On Saturday night, the Monterey Park, California, community experienced a brutal attack—in the midst of Lunar New Year celebrations, a gunman burst into a ballroom dance hall and killed 11 residents. At least nine others were wounded, police said.
The festival was the most attended Lunar New Year celebration in the majority Chinese-American city near Los Angeles since before the coronavirus pandemic, drawing a crowd of about 100,000 people, Mayor Pro Tem Jose Sanchez told reporters. Following the tragedy, the Sunday celebrations were canceled.
A few minutes after the Star Ballroom Dance Studio shooting, the gunman—identified by police as a 72-year-old Asian man—made his way to another dance studio, Lai Lai Ballroom in nearby Alhambra, and was disarmed by a group of people, including a young man who spoke to ABC News about the incident. The shooter then fled in a van and took his own life as police closed in on him, Los Angeles County Sheriff Robert Luna said Sunday, per ABC.
See below for ways you can help Monterey Park residents, survivors, and families of the deceased following the horrific shooting.
GoFundMe launched a page dedicated to supporting the people and families affected by the Jan. 21 shooting. So far, there are two verified fundraises:
The Monterey Park Lunar New Year Victims Fund is gathering donations to help the “many individuals who are now suffering from this senseless violence.” The fundraiser is being organized by Asian Americans Advancing Justice Southern California, The Asian American Foundation, Asian Pacific Community Fund, Stop AAPI Hate, Gold House, Stand with Asian Americans, AAPI Equity Alliance, and Chinatown Service Center.
The Los Angeles-based nonprofit Classroom of Compassion is raising money for resources, supplies, and travel for the community. The organization will also be creating public altars to honor the lives lost in the Lunar New Year massacre.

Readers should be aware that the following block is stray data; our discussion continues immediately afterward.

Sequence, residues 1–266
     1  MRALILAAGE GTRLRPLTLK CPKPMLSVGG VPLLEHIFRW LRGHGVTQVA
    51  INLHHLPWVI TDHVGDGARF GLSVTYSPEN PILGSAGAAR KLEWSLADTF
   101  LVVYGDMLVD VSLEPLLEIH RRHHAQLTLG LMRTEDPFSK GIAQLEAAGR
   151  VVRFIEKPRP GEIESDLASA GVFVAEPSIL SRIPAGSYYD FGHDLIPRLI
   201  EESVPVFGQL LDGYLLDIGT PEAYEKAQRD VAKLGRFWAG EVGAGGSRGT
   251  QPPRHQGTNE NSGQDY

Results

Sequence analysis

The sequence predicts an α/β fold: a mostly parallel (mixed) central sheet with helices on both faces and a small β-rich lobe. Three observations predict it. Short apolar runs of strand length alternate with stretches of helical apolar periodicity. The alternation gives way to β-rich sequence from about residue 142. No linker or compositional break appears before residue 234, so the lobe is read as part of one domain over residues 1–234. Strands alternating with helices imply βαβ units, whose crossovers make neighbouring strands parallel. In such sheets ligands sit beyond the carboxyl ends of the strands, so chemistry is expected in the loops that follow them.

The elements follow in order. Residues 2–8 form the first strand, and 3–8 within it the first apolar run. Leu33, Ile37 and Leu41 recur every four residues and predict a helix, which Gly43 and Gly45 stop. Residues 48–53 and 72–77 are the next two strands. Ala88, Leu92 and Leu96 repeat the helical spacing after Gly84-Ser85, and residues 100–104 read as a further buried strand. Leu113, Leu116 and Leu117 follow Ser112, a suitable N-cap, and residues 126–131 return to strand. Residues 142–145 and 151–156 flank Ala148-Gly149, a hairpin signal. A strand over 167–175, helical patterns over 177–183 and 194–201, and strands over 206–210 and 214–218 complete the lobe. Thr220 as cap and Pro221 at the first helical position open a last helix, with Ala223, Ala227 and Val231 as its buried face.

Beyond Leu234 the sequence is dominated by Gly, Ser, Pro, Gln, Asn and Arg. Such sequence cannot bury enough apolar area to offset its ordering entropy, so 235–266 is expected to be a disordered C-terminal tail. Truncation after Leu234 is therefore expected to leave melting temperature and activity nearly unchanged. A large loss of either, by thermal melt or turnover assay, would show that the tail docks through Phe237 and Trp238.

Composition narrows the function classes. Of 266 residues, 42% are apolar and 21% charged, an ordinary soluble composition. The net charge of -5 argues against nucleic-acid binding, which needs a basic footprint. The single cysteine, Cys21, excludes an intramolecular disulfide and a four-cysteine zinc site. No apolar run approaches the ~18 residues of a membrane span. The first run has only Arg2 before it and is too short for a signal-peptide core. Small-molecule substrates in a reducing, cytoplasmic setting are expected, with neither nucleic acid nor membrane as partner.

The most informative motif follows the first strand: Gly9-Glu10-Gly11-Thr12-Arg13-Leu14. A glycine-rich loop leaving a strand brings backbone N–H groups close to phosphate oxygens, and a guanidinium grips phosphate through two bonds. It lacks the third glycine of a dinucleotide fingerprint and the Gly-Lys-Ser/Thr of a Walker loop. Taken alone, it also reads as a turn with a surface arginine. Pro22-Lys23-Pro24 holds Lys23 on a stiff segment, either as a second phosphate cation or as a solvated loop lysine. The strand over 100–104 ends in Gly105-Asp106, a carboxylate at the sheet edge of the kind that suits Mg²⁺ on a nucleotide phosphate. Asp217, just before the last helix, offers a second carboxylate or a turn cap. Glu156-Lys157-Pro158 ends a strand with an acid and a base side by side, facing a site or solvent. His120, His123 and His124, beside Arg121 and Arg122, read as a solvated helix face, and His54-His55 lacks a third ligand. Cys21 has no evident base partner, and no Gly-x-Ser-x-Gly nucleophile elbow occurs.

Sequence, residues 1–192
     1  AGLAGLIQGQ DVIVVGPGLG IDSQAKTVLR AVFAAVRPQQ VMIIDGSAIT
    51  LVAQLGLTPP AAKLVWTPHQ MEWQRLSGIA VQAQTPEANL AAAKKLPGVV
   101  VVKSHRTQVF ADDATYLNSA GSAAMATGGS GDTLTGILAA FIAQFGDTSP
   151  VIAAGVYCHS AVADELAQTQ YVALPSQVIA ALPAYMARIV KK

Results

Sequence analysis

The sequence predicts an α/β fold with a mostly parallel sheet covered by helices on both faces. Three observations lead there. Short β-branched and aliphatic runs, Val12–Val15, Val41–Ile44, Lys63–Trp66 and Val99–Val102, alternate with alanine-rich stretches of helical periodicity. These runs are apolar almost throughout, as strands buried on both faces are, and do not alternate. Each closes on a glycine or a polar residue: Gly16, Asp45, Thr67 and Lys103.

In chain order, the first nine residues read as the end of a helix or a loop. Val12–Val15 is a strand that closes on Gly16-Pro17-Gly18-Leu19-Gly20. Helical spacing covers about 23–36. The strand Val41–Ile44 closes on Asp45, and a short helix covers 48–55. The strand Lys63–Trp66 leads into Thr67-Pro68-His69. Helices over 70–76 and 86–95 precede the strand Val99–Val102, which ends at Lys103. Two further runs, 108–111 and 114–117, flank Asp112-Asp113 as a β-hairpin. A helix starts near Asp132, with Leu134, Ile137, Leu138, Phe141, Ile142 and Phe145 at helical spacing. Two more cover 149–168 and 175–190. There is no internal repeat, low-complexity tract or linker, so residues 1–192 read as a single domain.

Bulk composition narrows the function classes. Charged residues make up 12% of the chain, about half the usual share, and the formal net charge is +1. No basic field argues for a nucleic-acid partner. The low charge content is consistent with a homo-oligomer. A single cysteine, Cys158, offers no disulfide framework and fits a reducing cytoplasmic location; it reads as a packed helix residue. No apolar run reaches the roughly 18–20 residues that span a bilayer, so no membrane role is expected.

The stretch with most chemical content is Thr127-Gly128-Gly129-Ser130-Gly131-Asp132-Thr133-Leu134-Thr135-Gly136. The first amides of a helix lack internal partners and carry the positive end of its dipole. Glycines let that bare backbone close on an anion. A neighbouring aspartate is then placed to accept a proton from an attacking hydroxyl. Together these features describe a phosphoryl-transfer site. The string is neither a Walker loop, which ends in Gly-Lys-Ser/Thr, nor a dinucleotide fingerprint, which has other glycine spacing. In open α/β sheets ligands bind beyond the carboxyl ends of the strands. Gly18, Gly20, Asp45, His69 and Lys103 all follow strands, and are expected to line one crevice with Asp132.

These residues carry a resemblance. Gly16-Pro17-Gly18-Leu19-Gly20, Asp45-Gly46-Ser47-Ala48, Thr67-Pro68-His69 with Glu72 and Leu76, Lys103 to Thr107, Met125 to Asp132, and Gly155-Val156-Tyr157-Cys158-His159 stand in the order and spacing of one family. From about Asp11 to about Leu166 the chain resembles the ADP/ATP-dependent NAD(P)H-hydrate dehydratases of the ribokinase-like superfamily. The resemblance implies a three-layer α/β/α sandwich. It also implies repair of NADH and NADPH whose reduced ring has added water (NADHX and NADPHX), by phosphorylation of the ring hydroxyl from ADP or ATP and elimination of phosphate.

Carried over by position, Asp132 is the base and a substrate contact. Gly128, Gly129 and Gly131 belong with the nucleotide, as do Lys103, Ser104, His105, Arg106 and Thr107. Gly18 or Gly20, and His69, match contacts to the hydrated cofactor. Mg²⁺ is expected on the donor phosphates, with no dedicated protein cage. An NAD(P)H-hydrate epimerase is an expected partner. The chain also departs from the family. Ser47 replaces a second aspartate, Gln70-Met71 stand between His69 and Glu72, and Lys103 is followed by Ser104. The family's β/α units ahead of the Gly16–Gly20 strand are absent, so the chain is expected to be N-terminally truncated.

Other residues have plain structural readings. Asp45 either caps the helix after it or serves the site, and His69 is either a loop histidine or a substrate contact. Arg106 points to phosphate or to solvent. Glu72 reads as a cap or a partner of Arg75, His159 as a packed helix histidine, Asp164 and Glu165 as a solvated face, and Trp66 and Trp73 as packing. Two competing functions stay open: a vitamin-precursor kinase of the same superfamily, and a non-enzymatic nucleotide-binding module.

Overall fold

The GoFundMe page will be updated with more fundraisers as they are verified.
Soon after the shooting, the Los Angeles County Office of Emergency Management set up a Family Assistance Center at the Langley Senior Center located at 400 West Emerson Avenue for anyone looking to obtain mental health resources. People can also call the LA County Department of Mental Health 24/7 help line at 800-854-7771.
On Sunday, members of the Los Angeles City and FBI crisis response teams, the LACDMH, and the Red Cross came together at the center to provide food, aid, and mental health services for survivors. The Red Cross is also always taking blood donations.
“Volunteer blood donors are needed each and every day to help save lives. This tragedy illustrates that it is the blood already on the shelves that helps during an emergency. Type O negative is the universal blood type and what emergency room personal reach for when there’s not time to determine a patient’s blood type in the most serious situations. The Red Cross is grateful for all donors who generously give blood throughout the country to help patients in need,” the Red Cross said in a statement shared with BAZAAR.com.
A memorial honoring the victims has been established at the Monterey Park City Hall located at 320 W. Newmark Avenue for the community to mourn, per the city’s website.
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